Since much of the current interest in noncommutative noetherian rings stems from applications of the general theory to several specific types, we present here a very sketchy introduction to some major areas of application: polynomial identity rings, group algebras, rings of differential operators, enveloping algebras, and quantum groups. Each of these areas has a very extensive theory of its own, far too voluminous to be incorporated into a book of this size. (See for instance Rowen [1980], Passman [1985], McConnell-Robson [2001], and Brown-Goodearl [2002]). Instead, we shall concentrate on surrogates – some classes of rings that are either simple prototypes or analogs of the major types just mentioned – which we can investigate by relatively direct methods while still exhibiting the flavor of the areas they represent. These surrogates are module-finite algebras over commutative rings (for polynomial identity rings), skew-Laurent rings (for group algebras), formal differential operator rings (for rings of differential operators and some enveloping algebras), and general skew polynomial rings (for some enveloping algebras and quantum groups). They will be introduced below and studied in greater detail in the following two chapters.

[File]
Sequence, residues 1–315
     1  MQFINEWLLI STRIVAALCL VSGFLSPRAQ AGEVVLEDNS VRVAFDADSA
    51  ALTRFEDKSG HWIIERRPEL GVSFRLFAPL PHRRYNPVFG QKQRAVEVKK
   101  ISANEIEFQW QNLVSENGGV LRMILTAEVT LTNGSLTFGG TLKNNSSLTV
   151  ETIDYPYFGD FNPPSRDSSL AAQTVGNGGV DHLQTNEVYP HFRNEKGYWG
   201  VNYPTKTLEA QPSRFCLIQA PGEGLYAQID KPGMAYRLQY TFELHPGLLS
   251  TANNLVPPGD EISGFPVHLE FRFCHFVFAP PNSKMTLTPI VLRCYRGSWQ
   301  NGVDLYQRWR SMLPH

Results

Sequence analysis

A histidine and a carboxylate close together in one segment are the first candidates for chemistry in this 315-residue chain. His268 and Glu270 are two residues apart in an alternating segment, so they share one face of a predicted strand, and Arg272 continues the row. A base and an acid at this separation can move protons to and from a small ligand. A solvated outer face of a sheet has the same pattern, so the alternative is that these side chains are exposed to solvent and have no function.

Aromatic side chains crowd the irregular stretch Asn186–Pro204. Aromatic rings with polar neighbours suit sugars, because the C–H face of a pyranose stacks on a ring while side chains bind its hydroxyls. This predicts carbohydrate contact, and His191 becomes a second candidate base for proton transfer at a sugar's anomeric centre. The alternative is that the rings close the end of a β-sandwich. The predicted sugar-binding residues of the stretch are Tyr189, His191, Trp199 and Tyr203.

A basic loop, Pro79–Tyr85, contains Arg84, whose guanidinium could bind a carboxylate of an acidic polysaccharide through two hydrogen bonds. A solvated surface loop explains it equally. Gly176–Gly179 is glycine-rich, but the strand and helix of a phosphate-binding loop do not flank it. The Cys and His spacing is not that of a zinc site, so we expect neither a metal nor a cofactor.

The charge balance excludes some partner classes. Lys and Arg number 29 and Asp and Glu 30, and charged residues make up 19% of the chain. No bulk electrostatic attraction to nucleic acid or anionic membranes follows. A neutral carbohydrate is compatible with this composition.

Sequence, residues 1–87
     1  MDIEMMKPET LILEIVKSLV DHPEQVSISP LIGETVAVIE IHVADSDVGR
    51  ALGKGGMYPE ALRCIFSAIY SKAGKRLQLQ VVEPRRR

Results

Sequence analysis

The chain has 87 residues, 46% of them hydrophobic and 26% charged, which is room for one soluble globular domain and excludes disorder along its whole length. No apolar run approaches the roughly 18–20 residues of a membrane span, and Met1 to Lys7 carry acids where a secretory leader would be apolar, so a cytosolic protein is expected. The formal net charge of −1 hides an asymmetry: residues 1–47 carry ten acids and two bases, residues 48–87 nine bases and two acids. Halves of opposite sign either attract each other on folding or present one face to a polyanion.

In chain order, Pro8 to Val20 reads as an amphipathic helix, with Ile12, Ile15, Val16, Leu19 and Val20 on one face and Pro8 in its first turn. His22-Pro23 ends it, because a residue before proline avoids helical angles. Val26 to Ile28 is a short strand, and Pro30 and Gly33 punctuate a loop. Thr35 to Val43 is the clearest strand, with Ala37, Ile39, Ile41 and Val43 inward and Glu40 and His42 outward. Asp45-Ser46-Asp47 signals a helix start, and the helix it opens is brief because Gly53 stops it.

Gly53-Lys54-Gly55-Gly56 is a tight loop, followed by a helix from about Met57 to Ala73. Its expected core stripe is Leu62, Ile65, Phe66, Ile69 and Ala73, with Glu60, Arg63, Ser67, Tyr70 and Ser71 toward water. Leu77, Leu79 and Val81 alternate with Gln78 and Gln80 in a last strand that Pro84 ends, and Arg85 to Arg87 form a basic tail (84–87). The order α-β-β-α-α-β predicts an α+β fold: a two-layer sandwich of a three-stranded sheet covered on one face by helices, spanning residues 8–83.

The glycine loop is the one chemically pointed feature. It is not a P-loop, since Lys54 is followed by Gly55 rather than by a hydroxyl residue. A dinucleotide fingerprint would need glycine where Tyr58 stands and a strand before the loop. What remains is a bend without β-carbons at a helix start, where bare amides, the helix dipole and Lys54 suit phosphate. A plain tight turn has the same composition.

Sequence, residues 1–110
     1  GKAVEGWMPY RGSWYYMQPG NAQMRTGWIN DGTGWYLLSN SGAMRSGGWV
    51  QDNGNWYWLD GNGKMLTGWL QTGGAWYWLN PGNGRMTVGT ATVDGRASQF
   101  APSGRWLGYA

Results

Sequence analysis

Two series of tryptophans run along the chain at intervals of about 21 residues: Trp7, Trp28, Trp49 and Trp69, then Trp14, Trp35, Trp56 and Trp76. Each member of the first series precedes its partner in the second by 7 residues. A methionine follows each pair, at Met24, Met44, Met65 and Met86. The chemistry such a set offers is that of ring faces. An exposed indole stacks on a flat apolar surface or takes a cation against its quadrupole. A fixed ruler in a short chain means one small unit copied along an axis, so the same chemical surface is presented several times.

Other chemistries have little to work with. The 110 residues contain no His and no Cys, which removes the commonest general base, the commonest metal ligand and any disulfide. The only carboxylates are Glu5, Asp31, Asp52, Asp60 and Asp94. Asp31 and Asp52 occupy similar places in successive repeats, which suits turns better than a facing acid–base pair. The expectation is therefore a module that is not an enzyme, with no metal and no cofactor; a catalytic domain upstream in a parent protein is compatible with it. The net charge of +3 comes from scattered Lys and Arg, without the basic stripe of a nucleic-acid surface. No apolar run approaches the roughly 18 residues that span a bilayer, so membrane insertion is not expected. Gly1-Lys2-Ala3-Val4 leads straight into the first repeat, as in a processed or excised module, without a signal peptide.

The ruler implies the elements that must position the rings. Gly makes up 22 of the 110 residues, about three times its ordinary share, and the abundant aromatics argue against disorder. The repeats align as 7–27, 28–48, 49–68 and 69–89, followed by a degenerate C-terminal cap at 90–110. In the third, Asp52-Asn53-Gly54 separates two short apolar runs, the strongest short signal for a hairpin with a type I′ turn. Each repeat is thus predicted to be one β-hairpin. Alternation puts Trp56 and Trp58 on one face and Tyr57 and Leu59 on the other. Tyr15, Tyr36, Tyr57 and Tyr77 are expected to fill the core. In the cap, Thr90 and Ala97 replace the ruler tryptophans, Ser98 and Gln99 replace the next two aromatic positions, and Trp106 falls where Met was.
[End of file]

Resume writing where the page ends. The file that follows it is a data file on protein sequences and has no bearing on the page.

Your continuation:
We will conclude the Prologue with a few comments about our notation and terminology.
• POLYNOMIAL IDENTITY RINGS •
Commutativity in a ring may be phrased in terms of a relation that holds identically, namely xy − yx = 0 for all choices of x and y from the ring.